Last night, MPs voted through the digital economy bill. There were only a few MPs in the Commons, but on the internet thousands of people's tempers were at boiling point. But what does the bill mean to the average internet user or even, let's whisper it, file-sharer?

    Well, not as much as you might think, given the hyperbole whipped up in all corners of the internet.

    There are matters of principle at stake and many internet users were dismayed to see MPs settle so quickly and firmly on the side of copyright holders rather than users. But in terms of practical effects on their day-to-day activity, the issues are limited.

    Ofcom will now be tasked with setting a standard for the level of evidence required to begin an action against a copyright infringer. In this case, the copyright infringer is basically someone downloading Pirates of the Caribbean from a file-sharing site, like BitTorrent or Pirate Bay.

    The evidence itself will not point to the individual, but to their location. Copyright holders, such as record or film companies, will hire private detecting agencies to look on torrent sites, detect where material is coming from and then send a list of IP addresses to the relevant internet service provider (ISP). The ISP will keep a record of the number of incidents and once it hits a certain level (yet to be decided) it will send a letter. A level above that will trigger another letter. And then, on the third strike, the internet connection will be suspended.

    We don't know how long for, yet. The suggestion is that it would be something like a week, but if record companies decide that's not working they'll presumably ask for more.

    The new system will put a commercial pressure on torrent services to provide software which helps customers evade detection. In Sweden, the use of encryption and anonymisation technology has shot up since a similar regulation was put in place. Japan experienced the same story in similar circumstances.

    Internet users can purchase ISP proxies or encryption technologies for about 5 a month, which basically make it look as if the user is coming from another country. There are plenty of anonymous peer-to-peer technologies which are free to use and easily found on the internet. Many internet users were upset to see several MPs speak last night on a subject which they seemed less than familiar with, but that factor is also on their side: once again, the law is trying to catch up with technology, and failing.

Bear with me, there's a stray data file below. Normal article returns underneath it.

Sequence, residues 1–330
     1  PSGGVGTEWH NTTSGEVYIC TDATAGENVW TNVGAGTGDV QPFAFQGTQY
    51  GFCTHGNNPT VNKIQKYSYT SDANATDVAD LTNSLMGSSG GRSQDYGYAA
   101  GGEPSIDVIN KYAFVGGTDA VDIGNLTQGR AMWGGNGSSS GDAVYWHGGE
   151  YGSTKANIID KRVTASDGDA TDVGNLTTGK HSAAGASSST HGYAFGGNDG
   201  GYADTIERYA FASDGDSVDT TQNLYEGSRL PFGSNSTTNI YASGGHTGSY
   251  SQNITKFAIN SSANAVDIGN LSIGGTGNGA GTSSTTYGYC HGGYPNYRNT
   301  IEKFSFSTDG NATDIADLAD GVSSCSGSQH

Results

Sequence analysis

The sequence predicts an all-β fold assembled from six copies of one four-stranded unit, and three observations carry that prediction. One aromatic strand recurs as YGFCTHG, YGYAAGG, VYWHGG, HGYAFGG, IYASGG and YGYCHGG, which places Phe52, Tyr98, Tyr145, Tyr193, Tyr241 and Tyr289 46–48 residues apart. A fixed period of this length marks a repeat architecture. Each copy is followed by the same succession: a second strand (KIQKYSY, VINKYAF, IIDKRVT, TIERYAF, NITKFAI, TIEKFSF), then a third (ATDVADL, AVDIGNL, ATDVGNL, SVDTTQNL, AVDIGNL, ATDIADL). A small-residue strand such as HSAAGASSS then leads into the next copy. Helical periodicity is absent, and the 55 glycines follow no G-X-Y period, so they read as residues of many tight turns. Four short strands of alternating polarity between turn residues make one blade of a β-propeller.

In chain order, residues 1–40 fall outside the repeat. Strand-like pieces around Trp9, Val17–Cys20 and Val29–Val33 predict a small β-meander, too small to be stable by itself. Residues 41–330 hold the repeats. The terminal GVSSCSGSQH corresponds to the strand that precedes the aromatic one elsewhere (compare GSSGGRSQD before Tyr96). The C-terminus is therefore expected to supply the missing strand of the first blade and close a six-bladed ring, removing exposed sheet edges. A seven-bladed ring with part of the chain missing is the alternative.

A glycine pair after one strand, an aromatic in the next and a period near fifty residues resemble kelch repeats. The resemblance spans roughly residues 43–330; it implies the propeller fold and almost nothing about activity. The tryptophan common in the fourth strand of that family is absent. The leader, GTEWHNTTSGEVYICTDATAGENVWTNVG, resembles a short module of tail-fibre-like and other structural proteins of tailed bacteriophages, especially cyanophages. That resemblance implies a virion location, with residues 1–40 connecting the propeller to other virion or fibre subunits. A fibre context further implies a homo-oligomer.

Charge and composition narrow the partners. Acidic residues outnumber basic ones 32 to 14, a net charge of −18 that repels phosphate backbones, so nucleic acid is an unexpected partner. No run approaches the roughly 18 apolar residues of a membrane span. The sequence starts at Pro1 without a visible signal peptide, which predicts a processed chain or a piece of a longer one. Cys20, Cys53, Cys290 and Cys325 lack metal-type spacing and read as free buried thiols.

That doesn't remove the political opposition to the bill. For such a controversial and important piece of law, many MPs and members of the public were horrified to see it forced through so quickly. "This is an utter disgrace," said Jim Killock, of the Open Rights Group. "This is an attack on everyone's right to communicate, work and gain an education. Politicians have shown themselves to be incompetent and completely out of touch with an entire generation's values."

    The bill got through because of Tory support, a fact Peter Mandelson avoided this morning when he attacked the party for watering it down. "The digital economy legislation has survived but the Tories have made changes that will make the task of building our digital economy in this country somewhat harder. It just shows they do not get it about business, about industry and what we need to do in this country to invest in infrastructure, new technology strengths if we're going to make them pay our way in the global economy in coming decades. The blow they have tried to strike against the digital economy legislation shows they just do not get it on what we need to do to build up the industries of the future."

    Whichever way you look at it, last night did not paint a reassuring picture of democracy. MPs were hurried into the Commons by the whips to vote on a bill in which they had not actually sat to listen to the debate, which anyway took place in double-quick time so the law could be secured by the time of the election. Many internet users won't be happy about that. But when it comes to avoiding the consequences of the bill, the path ahead may be easier than they expected.